Tackling Pesticide Threat (Georgia)
In 2016 PAN-UK worked with a partner organisation, Ecolife, to help the Ministry of Agriculture in Georgia in identifying hazardous pesticide practices and products in the country. The work was conducted in close collaboration and with support from the Secretariat of the Rotterdam Convention and built on the results of a pilot study in six Former Soviet Union countries (supported by the Rotterdam Convention, FAO and the European Union).
The focus of the study was the southern region of Kvemo Kartli. This is an area of relatively intense agricultural production and pesticide use, with a high number of seasonal workers. The main crops include grains, vegetables and orchard fruits. Farm sizes are small; 69% of participating farmers have farms under a hectare in size and only 1% farm more than 15 hectares.
Issues with Reporting Pesticide Poisoning Incidents
Georgia lacks a reporting mechanism for pesticide poisoning incidents. Few people seek medical assistance when a mild, or moderately severe, incident occurs. In order to better understand the scale and nature of pesticide poisoning in Georgia, it was necessary to meet with rural people and explore the circumstances, frequency and severity of incidents of pesticide poisoning. To this end, PAN-UK developed new survey tools, which were tested and modified and then rolled out to 920 farmers and farm workers.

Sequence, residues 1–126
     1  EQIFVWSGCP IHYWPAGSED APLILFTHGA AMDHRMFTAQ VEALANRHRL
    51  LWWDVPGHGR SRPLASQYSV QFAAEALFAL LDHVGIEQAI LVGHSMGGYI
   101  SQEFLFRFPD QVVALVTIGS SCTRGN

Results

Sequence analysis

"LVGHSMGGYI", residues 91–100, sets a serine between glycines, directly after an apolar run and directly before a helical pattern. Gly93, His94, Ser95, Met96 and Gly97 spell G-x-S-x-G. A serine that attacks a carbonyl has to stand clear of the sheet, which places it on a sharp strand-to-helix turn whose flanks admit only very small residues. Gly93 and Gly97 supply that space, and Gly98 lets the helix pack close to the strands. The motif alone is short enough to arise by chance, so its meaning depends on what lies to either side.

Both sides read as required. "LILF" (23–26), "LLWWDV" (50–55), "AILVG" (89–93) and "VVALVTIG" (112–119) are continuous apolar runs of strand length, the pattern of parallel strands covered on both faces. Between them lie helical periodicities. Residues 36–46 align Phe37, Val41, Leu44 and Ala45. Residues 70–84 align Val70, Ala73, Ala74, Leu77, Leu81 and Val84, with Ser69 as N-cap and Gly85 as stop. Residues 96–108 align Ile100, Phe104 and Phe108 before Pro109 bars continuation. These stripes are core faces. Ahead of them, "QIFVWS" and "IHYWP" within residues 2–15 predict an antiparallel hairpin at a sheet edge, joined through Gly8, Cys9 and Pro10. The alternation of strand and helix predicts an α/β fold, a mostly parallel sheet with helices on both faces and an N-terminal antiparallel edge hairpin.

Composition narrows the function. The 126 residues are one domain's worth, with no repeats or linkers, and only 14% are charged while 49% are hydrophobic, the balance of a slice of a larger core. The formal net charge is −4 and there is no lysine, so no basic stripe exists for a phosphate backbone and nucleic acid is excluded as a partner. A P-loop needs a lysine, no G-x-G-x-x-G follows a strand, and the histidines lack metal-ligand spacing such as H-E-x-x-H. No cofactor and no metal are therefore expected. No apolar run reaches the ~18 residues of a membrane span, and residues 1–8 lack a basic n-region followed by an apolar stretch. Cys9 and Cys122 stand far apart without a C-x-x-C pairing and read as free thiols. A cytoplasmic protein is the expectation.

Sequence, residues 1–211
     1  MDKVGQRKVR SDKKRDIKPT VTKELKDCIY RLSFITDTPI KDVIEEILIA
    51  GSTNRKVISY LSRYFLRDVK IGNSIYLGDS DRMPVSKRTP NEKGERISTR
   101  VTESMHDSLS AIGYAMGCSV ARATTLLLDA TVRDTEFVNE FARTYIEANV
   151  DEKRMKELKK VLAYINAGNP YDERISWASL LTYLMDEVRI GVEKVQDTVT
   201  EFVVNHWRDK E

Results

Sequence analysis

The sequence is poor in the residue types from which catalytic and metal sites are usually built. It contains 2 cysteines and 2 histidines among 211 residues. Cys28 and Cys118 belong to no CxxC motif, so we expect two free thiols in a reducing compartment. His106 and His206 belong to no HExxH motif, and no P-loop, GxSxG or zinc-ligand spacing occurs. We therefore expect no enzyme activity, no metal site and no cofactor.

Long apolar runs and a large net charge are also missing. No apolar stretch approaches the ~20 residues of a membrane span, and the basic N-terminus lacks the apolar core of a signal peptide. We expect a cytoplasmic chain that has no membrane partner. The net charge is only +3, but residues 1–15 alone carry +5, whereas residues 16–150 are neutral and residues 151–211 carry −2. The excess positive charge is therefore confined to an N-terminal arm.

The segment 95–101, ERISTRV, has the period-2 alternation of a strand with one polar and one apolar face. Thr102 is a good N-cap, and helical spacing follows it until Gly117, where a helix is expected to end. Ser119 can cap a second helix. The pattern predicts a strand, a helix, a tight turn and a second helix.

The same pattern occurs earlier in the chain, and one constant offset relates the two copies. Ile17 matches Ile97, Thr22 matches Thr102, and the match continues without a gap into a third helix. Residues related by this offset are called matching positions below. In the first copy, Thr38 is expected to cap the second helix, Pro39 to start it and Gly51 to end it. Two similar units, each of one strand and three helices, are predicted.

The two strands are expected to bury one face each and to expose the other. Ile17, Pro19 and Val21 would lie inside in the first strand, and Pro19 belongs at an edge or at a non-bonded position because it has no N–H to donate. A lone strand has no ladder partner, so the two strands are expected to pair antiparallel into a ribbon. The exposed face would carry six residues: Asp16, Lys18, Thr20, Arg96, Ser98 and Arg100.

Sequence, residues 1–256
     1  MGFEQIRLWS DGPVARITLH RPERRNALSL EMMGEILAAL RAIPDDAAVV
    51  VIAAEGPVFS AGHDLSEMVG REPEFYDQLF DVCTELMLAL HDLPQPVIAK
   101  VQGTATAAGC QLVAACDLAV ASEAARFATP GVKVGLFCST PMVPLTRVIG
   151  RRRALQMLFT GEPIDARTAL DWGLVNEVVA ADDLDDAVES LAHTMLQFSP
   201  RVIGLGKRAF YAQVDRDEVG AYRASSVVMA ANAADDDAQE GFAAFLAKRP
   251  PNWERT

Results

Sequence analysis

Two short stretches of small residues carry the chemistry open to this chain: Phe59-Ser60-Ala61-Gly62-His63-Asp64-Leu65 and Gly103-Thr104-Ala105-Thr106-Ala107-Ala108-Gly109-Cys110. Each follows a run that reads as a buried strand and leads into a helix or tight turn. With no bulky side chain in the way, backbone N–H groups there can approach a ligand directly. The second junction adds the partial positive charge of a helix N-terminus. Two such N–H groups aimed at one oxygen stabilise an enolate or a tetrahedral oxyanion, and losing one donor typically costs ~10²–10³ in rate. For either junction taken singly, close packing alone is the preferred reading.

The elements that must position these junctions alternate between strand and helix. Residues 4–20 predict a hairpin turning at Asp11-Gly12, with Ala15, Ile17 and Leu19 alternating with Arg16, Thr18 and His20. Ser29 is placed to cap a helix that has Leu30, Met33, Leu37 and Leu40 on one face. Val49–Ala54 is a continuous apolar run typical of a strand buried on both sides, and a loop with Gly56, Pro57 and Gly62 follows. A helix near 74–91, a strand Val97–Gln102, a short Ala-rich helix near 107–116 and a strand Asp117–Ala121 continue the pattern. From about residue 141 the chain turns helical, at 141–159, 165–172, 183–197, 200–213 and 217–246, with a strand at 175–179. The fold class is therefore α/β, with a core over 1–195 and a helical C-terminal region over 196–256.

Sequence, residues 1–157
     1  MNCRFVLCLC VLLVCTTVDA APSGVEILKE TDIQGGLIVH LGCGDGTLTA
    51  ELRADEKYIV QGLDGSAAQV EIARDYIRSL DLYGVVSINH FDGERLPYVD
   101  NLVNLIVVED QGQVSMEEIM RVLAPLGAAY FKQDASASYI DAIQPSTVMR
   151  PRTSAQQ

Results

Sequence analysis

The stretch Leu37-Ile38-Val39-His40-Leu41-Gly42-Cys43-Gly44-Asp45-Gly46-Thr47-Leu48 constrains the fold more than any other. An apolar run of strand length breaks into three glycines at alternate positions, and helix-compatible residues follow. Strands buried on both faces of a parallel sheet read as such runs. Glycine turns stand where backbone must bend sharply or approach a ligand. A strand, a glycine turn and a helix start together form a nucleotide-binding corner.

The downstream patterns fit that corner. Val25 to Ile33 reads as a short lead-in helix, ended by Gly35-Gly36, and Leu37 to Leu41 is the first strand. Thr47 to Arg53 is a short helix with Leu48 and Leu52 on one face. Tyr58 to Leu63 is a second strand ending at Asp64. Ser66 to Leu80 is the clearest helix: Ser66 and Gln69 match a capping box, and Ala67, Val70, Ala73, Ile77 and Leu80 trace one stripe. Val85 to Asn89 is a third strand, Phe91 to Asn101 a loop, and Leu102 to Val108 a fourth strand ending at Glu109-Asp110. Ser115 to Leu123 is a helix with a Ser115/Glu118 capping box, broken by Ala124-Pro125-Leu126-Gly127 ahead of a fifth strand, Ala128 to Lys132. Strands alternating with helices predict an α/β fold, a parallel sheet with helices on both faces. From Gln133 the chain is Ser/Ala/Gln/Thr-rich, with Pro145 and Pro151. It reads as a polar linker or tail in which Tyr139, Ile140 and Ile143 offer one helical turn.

Respondents were selected to give a reasonable representation of men, women, farmers, farm workers, and people for whom Georgian is not their first language (mostly Azeri speakers) in order to make adequate comparisons between the different groups in terms of risk of pesticide exposure and poisoning. Research revealed extensive levels of risky working practices and exposure to highly hazardous pesticides.
Pesticide Packaging & Labelling
The pesticide label is a key source of information on pesticide safety, dosage and use. However, 34% of farmers and 52% of farm workers said they had difficulty reading or understanding the label. This was usually due to the label being missing or damaged, or the label being in a foreign language.
Signs and symptoms include, for example, skin and eye irritation, nausea, vomiting, blurred vision, weakness, headaches and unusual heart rhythm.
Activities undertaken at the point of exposure:
- Mixing or applying the pesticide (most frequent occurrence)
- Harvesting and weeding (skin irritation common)
- Leaking backpack sprayer (this severe incident resulted in the farmer receiving a burn to the skin)
- Several cattle farmers reported incidents relating to the use of pesticides (inappropriately) to control ectoparasites.
Few respondents in Kvemo Kartli were found to follow standard safety procedures:
- Only 3% of respondents were found to have had any training on safe handling of pesticides in the last decade.
- Only two respondents wore a protective coverall when handling pesticides – 99.8% wore ordinary clothes for this task.
- Only 50% of respondents had access to a tap where they could wash off spills when handling pesticides.
- 21% of farmers and 34% of farm workers stated that they sometimes eat, drink or smoke while handling pesticides.
- 17% of women and 7% of men on occasion apply pesticides with a broom or brush, rather than suitable equipment.
Behavioural and social factors can influence exposure to pesticides. For example, more men were found to handle pesticides than women, with the gender difference even greater among Azerbaijani speakers than Georgian speakers. On the other hand, 55% of women hand-wash pesticide-contaminated clothing compared to 20% of men.